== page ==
Every home tells a story, whether it’s a new build on its first page or a long-neglected property that has reached its final chapter. In rare cases, just when a home appears to be on its last legs, someone comes along to rewrite the narrative. Such is the case with a historic Cherokee Park home in Nashville that, despite being in a severe state of disrepair, has been reimagined as a growing family’s forever home.
When Tufik and Kristen Assad purchased their first Cherokee Park home in 2013, they never dreamed they would eventually make even bigger plans for another property on the same block. The couple fell in love with their charming neighborhood and its proximity to the hospitals where they practice medicine. Still, as their family expanded, they began to outgrow their original purchase. Its tiny lot size didn’t offer much opportunity for expansion, particularly given the area’s historic zoning overlay. The house across the street caught their eye, with its 250-foot-deep lot and classic clapboard bungalow structure. Kristen says she began moving in emotionally the moment they began thinking about a forever home. A few years later, when their neighbor was ready to sell, Tufik and Kristen jumped at the opportunity to buy their dream home. The only caveat? The house was nearly condemnable, with severe roof and water damage, and even a toilet that had fallen through the subfloor and into the basement.
Infusing love into a home’s design can be an art form, particularly when it involves renovating a residence in need of some serious TLC. The homeowners enlisted the help of Van Pond Architect and Owen Builders to help them give their house a new life. Originally a two-bedroom, one-bath, 1,000-square-foot home, the Assads worked with Van to design a roughly 2,800-square-foot addition that included two more bedrooms and three-and-a-half baths. More importantly, they salvaged the existing structure’s historical integrity and worked diligently to enhance the flow without sacrificing the charm. Rather surprisingly, the existing house boasted 10-foot-high ceilings, which is atypical for homes that were built in the 1920s, as this one was. Though the rooms were damaged and deteriorating, the grand scale was impressive and offered the perfect foundation for expansion. After two trips to the zoning commission and one eloquently worded appeal from Tufik, the Assads broke ground on their renovation. That’s when the true work began. “With a conservation overlay from the National Historic Zoning Commission in place on the house, it took a lot of work to hide the mass of this really large addition and not let it overtake the existing house too much,” says Van of the architectural plans.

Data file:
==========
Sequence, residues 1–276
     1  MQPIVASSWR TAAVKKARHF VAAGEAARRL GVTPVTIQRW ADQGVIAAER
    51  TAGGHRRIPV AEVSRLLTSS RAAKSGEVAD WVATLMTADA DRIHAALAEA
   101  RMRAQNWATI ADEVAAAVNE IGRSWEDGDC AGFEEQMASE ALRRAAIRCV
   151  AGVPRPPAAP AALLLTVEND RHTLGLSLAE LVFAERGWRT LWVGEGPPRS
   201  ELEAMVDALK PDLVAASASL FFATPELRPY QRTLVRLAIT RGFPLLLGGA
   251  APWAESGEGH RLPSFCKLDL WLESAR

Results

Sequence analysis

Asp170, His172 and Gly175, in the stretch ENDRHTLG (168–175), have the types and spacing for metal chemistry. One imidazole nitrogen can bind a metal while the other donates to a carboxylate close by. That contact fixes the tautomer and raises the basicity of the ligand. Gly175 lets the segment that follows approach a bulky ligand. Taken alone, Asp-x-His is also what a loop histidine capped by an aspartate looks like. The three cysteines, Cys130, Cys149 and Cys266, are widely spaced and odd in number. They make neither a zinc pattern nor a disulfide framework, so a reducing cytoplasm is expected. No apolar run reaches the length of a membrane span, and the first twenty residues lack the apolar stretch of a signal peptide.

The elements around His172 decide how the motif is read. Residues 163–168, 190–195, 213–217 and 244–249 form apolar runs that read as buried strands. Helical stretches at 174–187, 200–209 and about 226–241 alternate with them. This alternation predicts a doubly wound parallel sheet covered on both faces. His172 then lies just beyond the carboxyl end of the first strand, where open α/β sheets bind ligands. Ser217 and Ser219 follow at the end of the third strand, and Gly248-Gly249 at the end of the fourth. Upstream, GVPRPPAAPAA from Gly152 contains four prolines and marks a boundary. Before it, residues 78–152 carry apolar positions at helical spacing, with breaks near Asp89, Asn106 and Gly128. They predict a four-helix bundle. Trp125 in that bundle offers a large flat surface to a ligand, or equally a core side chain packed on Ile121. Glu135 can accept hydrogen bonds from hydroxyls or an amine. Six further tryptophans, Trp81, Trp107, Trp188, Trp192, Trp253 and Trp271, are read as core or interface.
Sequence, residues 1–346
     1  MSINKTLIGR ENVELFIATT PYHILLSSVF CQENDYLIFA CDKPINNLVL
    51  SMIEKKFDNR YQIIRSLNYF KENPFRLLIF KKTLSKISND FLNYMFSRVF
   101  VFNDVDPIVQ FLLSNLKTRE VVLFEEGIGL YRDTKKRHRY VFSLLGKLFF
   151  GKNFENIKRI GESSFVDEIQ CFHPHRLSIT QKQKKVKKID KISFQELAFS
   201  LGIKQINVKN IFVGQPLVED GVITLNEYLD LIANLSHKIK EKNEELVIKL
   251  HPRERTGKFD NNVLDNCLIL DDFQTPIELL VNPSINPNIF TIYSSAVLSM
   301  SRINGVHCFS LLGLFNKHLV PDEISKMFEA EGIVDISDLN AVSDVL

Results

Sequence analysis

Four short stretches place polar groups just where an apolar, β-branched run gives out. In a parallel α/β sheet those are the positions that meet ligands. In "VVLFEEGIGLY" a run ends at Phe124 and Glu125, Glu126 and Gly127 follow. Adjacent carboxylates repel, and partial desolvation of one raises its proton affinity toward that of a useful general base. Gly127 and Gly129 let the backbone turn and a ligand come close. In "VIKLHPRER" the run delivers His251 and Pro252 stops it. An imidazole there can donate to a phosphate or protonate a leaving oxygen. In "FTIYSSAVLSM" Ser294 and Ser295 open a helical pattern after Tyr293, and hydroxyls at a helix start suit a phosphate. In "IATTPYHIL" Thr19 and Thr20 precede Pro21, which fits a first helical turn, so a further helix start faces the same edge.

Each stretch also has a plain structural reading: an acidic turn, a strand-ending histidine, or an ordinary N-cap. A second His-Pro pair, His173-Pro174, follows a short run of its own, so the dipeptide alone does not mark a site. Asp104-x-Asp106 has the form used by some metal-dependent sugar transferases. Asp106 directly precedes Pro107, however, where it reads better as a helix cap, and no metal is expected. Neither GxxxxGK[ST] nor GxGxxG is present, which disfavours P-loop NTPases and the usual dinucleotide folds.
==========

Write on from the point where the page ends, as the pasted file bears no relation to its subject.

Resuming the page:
With Van’s keen architectural eye and Kristen’s wonderfully unique design aesthetic (a passion that runs in her family) leading the way, the house began to take shape. “We extrapolated from the existing details to apply and sculpt the new design,” explains Van. “So it talks to the existing house and expands upon the language of it.” And talk, it does. Van’s classic design style, combined with Kristen’s infusion of vibrant colors, gives way to a bright house that functions as a backdrop for the homeowners’ collected art and heirlooms. “I love color,” says Kristen. “I love mixing in a pop of fabric, but as far as actual pattern, I love stuff that’s a little bit asymmetric. I like how that flow is in comparison to a bold color. And obviously, we love art. We’ve been really impressed with the local art scene; half of our original pieces are local artists.” In fact, an original Ed Nash painting graces the front sitting area, and nearly every space in the house boasts an eye-catching piece from the couple’s travel adventures or appreciation of Nashville’s burgeoning art scene.
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Perhaps one of the most intriguing rooms in the house is a galley kitchen-turned-butler pantry that allows access to both the dining room and the kitchen. The cabinet-lined space is a stunning display of glassware and antique ice bucket collections, mid-century-inspired heirloom crystal inherited from Kristen’s grandmother, and high-end bourbons. Van admits he was initially skeptical of the floating glass shelves Kristen chose for the room but gushes about the beautiful wares they now display. “The things that are out on the shelf are not just there [to be] pretty,” he says. “They’re using those, day in and day out. The space doesn’t just get used once a week to entertain guests; it’s one of the core spaces they use all the time.”
With such high ceilings, the addition of a second floor proved to be a bit challenging. “We created kind of a house behind the house that follows the same basic roofline,” explains Van. “You see that kind of classic bungalow gable shape repeated behind the original one, so you look down the side of the house, and you really don’t get a sense that there’s a second floor stuck back behind it.” Given the homeowners’ limited yard access at their previous residence across the street, the new backyard is a breath of fresh air. Thanks to Van Pond Architect, an incredible team of builders and Kristen’s design ingenuity, the Assad family is in store for a lifetime of love and happy living in Cherokee Park!
Cherokee Park “before” image courtesy of Van Pond Architect. All other images courtesy of Chad Driver of Driver Productions.
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